How Cascading Goals Can Help Your Business

Ask any top company or CEO, and they’ll agree that goal setting is an essential part of a strong business strategy. Goals represent a clear picture of what you want to accomplish to create your desired future, then provide you a map to get there. Many business leaders rely on ongoing goal setting to help them achieve short and long term objectives. Still, they also acknowledge that simply going through the motions doesn’t guarantee your success.

Effective goals are shared goals and should unite every team member and stakeholder with a single vision for the company’s future. But where do these goals come from? And more importantly, how can goals set by the company’s top tier engage workers at the lowest level for a consistent, predictable outcome?

Cascading Goals Explained

Cascading goals refer to the direction in which goals are delivered — from the top down. When done correctly, this method ensures that the actions executed by lower levels reflect the overarching strategy of the organization. As a result, all participants are pushing toward the same objectives rather than creating silos that don’t contribute to the larger vision.

The biggest key to success is to ensure that you don’t cascade objectives downward, but rather project them upward. Here are some actionable tips that can help you better align your objectives for organizational success:

Illustrate the Importance of Team Contributions

Goals that are shared are achievable.

Employees who can see how their efforts contribute to greater successes are more motivated and engaged. It’s not enough to tell them which tasks to do, but also illustrate why they’re doing these things and how they help to fit into the bigger picture. By doing this, they can share in the successes of the company and take pride in their achievements.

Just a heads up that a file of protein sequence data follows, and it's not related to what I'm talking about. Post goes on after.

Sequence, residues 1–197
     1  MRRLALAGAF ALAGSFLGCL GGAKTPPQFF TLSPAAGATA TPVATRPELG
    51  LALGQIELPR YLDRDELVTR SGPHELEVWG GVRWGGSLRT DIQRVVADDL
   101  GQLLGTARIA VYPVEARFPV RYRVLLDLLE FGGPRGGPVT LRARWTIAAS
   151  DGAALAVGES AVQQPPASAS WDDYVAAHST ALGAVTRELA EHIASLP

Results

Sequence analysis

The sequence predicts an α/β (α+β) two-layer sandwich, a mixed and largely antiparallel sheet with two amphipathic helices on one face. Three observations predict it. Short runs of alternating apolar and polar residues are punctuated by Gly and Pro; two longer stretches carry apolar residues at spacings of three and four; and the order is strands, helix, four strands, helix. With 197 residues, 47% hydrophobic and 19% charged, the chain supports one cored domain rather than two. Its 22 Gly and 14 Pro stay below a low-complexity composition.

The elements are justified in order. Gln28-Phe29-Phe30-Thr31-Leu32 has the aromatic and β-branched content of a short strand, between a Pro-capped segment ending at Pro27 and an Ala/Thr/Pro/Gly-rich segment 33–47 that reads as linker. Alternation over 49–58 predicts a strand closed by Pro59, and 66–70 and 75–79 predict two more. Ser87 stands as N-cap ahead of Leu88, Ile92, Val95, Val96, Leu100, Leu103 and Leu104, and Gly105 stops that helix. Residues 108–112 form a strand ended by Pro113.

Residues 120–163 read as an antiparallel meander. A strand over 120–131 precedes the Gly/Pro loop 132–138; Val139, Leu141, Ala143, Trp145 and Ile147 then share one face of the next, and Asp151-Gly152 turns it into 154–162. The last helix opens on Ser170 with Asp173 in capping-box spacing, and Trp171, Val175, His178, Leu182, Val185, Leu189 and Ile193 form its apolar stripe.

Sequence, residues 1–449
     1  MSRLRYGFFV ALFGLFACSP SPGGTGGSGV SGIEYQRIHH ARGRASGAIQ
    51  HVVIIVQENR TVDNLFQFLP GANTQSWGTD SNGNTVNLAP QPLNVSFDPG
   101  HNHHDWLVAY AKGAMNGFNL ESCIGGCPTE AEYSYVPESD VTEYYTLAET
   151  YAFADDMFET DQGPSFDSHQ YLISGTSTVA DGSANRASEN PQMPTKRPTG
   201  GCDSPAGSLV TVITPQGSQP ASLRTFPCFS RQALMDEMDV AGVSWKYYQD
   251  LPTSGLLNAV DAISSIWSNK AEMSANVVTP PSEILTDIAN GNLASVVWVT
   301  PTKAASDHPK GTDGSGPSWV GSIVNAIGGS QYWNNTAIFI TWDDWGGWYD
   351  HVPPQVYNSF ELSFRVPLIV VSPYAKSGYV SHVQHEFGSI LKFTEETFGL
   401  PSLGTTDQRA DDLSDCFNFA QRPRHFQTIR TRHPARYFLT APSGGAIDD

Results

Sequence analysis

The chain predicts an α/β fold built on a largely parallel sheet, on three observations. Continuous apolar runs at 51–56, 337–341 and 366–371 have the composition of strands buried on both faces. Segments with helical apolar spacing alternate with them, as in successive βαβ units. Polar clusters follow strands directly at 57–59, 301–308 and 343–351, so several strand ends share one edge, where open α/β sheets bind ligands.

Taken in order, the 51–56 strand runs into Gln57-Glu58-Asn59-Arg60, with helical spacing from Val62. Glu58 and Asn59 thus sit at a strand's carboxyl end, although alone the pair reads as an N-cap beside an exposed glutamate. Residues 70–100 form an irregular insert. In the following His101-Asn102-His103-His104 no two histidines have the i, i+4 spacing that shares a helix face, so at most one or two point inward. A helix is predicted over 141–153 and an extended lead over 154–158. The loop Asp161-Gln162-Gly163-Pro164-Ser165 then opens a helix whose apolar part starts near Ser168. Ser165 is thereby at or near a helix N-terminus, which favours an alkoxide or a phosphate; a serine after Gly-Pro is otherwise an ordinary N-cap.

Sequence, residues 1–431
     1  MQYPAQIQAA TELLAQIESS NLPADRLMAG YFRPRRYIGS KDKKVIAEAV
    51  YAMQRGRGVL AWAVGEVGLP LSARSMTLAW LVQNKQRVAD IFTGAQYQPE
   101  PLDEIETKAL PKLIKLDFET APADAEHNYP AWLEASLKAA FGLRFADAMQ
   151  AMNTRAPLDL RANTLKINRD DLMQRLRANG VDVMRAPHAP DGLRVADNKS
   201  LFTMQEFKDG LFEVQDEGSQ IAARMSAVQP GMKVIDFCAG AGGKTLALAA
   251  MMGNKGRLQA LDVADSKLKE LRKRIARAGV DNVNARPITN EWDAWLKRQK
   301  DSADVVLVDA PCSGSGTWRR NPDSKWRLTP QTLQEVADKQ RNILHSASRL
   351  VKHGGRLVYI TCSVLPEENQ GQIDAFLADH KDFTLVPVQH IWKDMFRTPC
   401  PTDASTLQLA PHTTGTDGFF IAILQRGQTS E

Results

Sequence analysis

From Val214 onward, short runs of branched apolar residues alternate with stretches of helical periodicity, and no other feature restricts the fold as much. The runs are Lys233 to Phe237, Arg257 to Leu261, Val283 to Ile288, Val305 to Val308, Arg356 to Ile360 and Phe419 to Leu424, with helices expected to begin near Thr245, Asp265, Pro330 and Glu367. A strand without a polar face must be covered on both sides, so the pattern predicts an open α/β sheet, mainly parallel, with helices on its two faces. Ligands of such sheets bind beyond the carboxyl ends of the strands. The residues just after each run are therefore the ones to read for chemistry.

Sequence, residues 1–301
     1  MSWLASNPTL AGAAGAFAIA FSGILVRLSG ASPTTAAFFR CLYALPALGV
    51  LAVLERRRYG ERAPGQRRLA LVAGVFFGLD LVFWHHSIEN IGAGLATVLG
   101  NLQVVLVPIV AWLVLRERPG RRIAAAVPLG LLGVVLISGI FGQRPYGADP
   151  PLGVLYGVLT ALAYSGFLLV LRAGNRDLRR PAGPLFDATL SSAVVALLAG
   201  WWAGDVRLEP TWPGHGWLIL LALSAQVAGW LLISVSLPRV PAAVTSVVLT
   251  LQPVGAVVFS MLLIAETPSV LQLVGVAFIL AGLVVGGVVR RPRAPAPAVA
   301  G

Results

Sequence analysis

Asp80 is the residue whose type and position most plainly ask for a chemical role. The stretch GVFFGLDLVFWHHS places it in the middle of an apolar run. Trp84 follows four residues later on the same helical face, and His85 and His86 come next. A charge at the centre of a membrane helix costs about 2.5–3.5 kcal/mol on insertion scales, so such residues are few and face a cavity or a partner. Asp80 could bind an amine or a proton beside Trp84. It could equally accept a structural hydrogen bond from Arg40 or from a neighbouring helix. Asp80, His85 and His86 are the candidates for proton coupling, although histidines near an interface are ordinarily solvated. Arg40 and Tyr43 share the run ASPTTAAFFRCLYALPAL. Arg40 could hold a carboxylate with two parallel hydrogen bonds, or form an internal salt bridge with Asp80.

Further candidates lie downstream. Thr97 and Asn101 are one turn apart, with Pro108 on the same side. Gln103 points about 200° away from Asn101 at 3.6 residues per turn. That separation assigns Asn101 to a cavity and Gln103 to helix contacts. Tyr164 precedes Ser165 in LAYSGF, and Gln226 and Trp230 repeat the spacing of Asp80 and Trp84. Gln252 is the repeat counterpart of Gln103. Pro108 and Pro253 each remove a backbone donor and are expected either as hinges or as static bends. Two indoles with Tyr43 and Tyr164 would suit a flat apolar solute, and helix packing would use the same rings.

Set Deadlines

Goals without deadlines are just dreams, according to Napoleon Hill. It’s essential to set specific targets or benchmarks for achieving your goals so you can measure progress along the way. Putting a date on a goal adds a tangible aspect that commits you to achieving it, and could give you the momentum you need to keep moving forward.

Transform Goals into Smaller Tasks

If you have large goals or objectives, break them up into smaller, more digestible tasks that can be easily distributed between teams. Much like climbing a mountain can seem like an insurmountable task, breaking it up into multiple smaller hikes can make the journey seem less daunting.

Identify Obstacles

Find potential obstacles early before they can affect your progress.

No matter the goal, there will be challenges along the way that makes the journey less of a straight line. Identifying and sharing those challenges early can help you be better positioned to conquer them before they can derail your progress.

Track Progress

Everyone on your payroll should be working daily to achieve the goals you’ve laid out. Continuous action can reaffirm the idea that the goal is achievable and continue to push you forward. Many company leaders who put in daily work on goals have found that it’s the single biggest catalyst in their strategy. And when you cascade this objective to the rest of your team, you can reach the end results even faster.

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